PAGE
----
Over the past 5 decades dramatic atmospheric warming has increased the production of meltwater along the Antarctic Peninsula (AP) (Vaughan et al., 2003; van den Broeke, 2005; Vaughan, 2006). The Antarctic Peninsula is sensitive to even modest warming, which differs from the interior of Antarctica, as the air temperature of large portions of the Antarctic Peninsula in the austral summer hovers near 0oC (Vaughan, 2006). The final disintegration of the Larsen A and Larsen B Ice Shelves has been attributed to crevasse propagation that was driven by meltwater, but there are many processes that pre-condition an ice shelf for rapid collapse (Doake et al., 1998; Vieli et al., 2007; Khazendar et al., 2007; Glasser & Scambos, 2008). Surface meltwater ponds are allowed to form on the surface of the ice shelf by the densification of firn, which can take multiple melt seasons to accomplish (Scambos et al., 2000, 2003). Concurrently, an increase in basal submarine melting or a reduction of marine ice accretion can thin an ice shelf and can lead to reduced cohesion between parallel flow bands and/or shear margins (Glasser & Scambos, 2008; Jansen et al., 2010). Acceleration of ice flow can result from this, with increased crevassing and rifting that result from increased rates of strain, as was observed on the Larsen B Ice Shelf prior to its collapse (Rignot et al., 2004). Also a clear harbinger of ice shelf disintegration is increased calving and subsequent frontal retreat, particularly if the retreat of the ice front progresses past a critical compressive arch in the strain field, at which point substantial retreat will occur before a new stable configuration is reached (Doake et al., 1998).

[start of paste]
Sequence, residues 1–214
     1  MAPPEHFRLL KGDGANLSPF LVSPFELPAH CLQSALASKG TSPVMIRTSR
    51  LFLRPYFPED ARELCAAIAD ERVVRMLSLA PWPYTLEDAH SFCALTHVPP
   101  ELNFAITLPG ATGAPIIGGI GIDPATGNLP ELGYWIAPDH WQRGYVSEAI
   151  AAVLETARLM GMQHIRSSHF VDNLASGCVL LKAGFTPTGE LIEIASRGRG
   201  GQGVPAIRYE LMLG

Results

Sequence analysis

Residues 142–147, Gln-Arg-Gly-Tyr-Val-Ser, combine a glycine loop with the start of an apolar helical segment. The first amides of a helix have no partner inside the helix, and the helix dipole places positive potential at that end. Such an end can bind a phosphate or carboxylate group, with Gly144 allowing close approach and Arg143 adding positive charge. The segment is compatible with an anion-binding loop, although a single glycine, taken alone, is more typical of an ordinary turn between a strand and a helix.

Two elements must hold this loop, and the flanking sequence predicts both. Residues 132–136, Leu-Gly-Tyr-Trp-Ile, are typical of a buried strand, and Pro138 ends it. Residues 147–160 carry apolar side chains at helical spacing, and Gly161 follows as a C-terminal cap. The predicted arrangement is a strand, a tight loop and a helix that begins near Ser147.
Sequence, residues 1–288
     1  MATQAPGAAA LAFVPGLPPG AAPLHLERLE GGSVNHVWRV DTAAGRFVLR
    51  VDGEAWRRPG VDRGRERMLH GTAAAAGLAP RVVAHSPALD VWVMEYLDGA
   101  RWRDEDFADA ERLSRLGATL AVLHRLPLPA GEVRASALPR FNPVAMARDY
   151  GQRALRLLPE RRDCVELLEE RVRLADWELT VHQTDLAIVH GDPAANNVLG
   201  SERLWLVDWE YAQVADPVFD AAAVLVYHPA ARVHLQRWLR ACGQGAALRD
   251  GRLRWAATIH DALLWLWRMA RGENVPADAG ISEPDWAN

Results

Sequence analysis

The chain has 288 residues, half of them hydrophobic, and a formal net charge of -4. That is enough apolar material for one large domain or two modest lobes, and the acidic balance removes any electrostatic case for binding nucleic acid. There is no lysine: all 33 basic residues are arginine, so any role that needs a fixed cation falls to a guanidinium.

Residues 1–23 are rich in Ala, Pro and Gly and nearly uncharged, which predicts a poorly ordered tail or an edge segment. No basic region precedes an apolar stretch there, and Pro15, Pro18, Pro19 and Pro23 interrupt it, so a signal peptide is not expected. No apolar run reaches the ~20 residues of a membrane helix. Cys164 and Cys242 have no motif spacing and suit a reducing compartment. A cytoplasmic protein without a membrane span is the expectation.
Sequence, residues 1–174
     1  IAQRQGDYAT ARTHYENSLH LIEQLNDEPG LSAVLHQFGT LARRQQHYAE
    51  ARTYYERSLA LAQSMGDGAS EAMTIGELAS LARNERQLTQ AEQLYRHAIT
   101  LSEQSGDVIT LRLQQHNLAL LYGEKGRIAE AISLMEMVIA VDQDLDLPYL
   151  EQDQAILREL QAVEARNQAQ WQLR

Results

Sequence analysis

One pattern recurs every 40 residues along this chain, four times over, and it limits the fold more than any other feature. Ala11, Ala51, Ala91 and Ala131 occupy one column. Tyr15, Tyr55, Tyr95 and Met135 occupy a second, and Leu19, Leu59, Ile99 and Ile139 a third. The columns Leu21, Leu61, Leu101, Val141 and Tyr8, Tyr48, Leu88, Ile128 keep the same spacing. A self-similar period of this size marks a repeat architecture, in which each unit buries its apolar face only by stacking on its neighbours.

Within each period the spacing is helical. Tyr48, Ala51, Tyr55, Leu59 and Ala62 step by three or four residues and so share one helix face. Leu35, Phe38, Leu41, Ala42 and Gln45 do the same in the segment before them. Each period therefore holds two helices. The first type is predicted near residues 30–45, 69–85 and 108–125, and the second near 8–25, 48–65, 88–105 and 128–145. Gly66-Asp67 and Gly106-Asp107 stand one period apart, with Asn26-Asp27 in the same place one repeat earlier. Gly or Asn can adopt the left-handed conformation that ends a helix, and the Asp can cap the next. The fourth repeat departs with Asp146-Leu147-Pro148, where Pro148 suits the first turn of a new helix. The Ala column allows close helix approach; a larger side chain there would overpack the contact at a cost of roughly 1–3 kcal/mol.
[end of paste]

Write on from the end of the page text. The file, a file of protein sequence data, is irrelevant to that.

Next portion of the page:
The Larsen C Ice Shelf, at more than 50,000 km2 of floating ice, is the largest remaining ice shelf on the Antarctic Peninsula, is fed by 12 major outlet glaciers (Glasser et al., 2009; Cook & Vaughan, 2010). The extent of the Larsen C Ice Shelf has remained relatively stable over the last 5 decades, apart from losing about 7,700 km2 in 1986 and about 1,500 km2 in 2004/2005 due to calving events (Glasser et al., 2009; Cook & Vaughan, 2010). The elevation of the Larsen C Ice Shelf has lowered at a rate of 0.06-0.09 m per annum over the period 1978-2008, the greatest lowering occurring in the northern sector (Fricker & Padman, 2012; Shepard et al., 2003). McGrath et al. suggest firn densification, that has been driven by warmer temperatures and an increase in production of meltwater/freezing, has dominated the lowering of the surface (Holland et al., 2011; Fricker & Padman, 2012) and not an increase in basal melting that is driven by ocean forcing (Shepard et al., 2003). It is suggested by oceanographic observations that the primary water mass in the Larsen C cavity is Modified Weddell Deep Water, which has been cooled to the surface freezing point, and therefore it is not likely to drive high rates of basal melting (Nicholls et al., 2004). It was found (Khazendar et al., 2011) that the northern sector of the ice shelf accelerated by 80 m per year, or 15 %, between 2000 and 2006, and between 2006-2008 a further 6-8 % in the vicinity of Cabinet Inlet, possibly resulting from a reduction of backstress from the Borden Ice Rise and/or the erosion of marine ice that previously has sutured the parallel flow bands together.